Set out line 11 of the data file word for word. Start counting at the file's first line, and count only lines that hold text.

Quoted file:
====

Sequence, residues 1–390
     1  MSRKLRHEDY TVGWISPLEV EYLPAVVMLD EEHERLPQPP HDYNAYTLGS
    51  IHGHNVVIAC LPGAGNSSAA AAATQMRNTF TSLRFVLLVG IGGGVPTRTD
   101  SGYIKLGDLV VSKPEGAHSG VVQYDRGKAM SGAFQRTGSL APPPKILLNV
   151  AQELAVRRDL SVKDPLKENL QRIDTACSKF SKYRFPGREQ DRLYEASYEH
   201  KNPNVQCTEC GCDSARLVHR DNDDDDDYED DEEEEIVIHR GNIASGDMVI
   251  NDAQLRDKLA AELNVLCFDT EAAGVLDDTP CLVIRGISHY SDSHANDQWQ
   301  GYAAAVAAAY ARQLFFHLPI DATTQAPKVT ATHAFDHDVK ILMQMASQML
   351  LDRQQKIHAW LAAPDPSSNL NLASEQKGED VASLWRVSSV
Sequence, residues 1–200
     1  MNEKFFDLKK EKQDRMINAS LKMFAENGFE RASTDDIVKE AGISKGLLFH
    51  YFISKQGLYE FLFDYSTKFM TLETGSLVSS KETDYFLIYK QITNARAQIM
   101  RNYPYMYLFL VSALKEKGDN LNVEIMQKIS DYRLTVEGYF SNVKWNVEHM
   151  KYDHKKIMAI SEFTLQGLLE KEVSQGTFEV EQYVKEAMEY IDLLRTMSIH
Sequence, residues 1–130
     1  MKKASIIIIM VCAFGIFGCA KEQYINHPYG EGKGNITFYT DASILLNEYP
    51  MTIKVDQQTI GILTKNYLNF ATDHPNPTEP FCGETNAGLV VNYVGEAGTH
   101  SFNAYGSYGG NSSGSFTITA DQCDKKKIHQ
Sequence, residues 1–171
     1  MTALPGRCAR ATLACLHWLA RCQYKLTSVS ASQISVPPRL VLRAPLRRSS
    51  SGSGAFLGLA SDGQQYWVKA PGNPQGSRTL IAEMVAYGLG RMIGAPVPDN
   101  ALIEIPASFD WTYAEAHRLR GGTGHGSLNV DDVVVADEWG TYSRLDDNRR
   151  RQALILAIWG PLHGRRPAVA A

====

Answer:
     1  MNEKFFDLKK EKQDRMINAS LKMFAENGFE RASTDDIVKE AGISKGLLFH